Cole, Scott & Kissane, P.A. wishes you a Happy and Healthy Holiday Season! It would, however, seem as though the Holidays have arrived just a bit early for the defense bar, ushered in by the first-ever, comprehensive decision on the viability of the Examination Under Oath No-Show Defense post the 2013 Amendments to the No-Fault Law.
As many of us recall, the Florida Supreme Court’s footnotes in Custer v. United Automobile Insurance Company, 62 So.3d 1086 (Fla. 2010) sounded what would ultimately become the “death knell” of the Examination Under Oath and its use as a viable defense to payment of No-Fault Benefits. Three years later, the Court clarified its holdings in Custer in Nunez v. Geico General Insurance Company, 117 So.3d 388 (Fla. 2013) explained that because the No-Fault statute did not provide for Examinations Under Oath an insurer could not require an insured to attend same as a condition precedent to recovery of Personal Injury Protection benefits. This was ultimately remedied by the Legislature in 2012 by revisions made to the No-Fault statute. See Ch. 2012-197, §10, Laws of Fla. (amending/creating §627.736(6)(g), Fla. Stat., effective 01/01/13). That being said, since the statutory amendment there have been no decisions addressing the validity and effect of the statutory amendment; its incorporation within policies of insurance or its legal classification as a condition precedent (as opposed to a condition subsequent) and the implications thereof. That is, until now!
December 4, 2015 the Honorable Donald Cannava, in the cases of Savin Medical Group, LLC (a/a/o Teresita Machado) v. State Farm Mutual Automobile Insurance Company (Case No.: 13-3408-CC-24) entered a ten page Order granting Defendant’s Motion for Final Summary Judgment predicated upon the insured’s failure to attend Examinations Under Oath. In this first-of-its-kind decision the Court held that the 2013 Statute unequivocally established an obligation for those seeking benefits under the policy to submit to an Examination Under Oath, categorizing same as a statutory condition precedent to receiving benefits. This decision is the first judicial acknowledgment and “ratification” of the “Custer/Nunez Fix” and permits carriers to adopt this provision within their policies of insurance.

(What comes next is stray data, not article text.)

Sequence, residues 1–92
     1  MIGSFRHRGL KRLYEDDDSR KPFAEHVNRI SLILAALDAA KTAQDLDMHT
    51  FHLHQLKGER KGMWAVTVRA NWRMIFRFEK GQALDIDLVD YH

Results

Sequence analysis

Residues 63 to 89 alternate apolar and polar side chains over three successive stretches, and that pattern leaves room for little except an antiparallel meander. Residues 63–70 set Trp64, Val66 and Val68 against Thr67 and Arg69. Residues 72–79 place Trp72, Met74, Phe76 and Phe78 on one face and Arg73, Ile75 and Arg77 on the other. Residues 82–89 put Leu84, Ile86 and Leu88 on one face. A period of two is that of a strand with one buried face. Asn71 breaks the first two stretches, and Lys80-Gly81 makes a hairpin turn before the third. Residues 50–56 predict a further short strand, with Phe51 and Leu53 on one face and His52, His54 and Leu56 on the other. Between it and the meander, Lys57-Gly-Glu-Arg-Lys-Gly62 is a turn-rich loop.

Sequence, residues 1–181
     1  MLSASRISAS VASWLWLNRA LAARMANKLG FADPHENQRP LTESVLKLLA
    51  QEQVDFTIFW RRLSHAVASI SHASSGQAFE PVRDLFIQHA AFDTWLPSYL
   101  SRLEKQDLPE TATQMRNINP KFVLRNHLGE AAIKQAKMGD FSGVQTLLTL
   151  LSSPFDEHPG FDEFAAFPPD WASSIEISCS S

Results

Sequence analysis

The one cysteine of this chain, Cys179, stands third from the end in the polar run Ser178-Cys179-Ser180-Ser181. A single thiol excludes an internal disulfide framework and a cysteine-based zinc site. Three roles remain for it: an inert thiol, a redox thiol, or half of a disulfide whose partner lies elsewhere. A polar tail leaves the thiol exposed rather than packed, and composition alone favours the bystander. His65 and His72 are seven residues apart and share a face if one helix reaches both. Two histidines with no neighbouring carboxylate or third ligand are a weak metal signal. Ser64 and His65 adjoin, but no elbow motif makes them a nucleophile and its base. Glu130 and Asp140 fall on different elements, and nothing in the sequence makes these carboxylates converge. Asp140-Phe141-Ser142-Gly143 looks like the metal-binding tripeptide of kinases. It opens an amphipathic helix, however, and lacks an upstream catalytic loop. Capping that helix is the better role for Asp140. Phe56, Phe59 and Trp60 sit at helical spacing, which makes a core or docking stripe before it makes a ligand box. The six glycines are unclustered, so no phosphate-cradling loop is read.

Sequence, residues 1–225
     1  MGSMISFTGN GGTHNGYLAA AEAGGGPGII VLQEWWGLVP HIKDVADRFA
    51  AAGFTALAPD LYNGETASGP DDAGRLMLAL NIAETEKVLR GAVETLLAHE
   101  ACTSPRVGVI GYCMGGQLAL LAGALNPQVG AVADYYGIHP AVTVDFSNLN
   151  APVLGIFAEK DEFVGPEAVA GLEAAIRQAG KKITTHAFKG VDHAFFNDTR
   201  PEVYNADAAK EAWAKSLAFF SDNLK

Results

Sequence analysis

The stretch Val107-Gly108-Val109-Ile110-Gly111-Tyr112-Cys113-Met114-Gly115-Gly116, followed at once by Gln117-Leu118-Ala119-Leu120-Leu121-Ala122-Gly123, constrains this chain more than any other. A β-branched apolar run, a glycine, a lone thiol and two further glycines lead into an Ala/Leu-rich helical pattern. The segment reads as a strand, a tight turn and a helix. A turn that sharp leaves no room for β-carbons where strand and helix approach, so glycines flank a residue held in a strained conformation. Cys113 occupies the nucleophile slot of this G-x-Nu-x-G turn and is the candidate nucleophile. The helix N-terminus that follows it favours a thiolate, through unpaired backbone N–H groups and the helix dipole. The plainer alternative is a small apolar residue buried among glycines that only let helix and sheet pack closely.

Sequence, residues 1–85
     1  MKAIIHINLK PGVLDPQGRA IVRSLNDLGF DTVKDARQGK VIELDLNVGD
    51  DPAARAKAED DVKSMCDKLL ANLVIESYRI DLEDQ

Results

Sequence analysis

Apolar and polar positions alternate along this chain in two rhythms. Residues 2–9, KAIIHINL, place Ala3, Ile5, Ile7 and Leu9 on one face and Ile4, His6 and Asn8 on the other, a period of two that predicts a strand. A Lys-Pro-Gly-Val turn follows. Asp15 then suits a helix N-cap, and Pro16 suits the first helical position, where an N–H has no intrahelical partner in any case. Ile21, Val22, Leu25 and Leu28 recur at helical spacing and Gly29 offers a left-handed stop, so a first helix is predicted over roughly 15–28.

The Court then analyzed the policy of insurance under which the claim was being made and under which the insurer was seeking to deny benefits, and in doing so the Court determined that not only was the statutory language appropriately adopted, giving notice to the insureds of their contractual obligation to submit to Examinations Under Oath, but that the policy language also created a condition precedent to receipt of Personal Injury Protection benefits. The Examination Under Oath provisions within the policy, along with the “No-Action” clauses contained therein, unequivocally barred the insured (and its assignees) from recovery of benefits once the claimant failed to submit to the insurer’s requests for Examinations Under Oath.
Yet, the foregoing would not be the most significant finding made by the Court that day. Judge Cannava astutely recognized the lack of any mitigating factors within either the statute or the policy of insurance, which would otherwise create an “unreasonable refusal standard” such as that which exists in §627.736(7)(a), Florida Statutes (concerning Compulsory Medical Examinations). Thus, the insurer need not prove the absence and the claimant may not plead the presence of reasonable circumstances leading to the failure to attend.
Having established submission to Examinations Under Oath as both statutory and contractual conditions precedent to receipt of benefits [distinguishing State Farm Mutual Automobile Insurance Company v. Curran, 135 So.3d 1071 (Fla. 2014)] the Court addressed the issue of prejudice and the insurer’s need to show substantial prejudice by the claimant’s failure to submit to the Examinations Under Oath requested, finding that as a condition precedent, there was no need to show substantial prejudice in order to properly deny benefits.
Of course, the details and nuances of a ten page order cannot be fully addressed in such a brief article. Accordingly, and until the Orders are published in the Florida Law Weekly we invite you to contact the attorney responsible for arguing the motions which gave rise to this truly ground-breaking and important articulation of the defense bar’s position on the issue of post-amendment application of the Examination Under Oath No-Show Defense.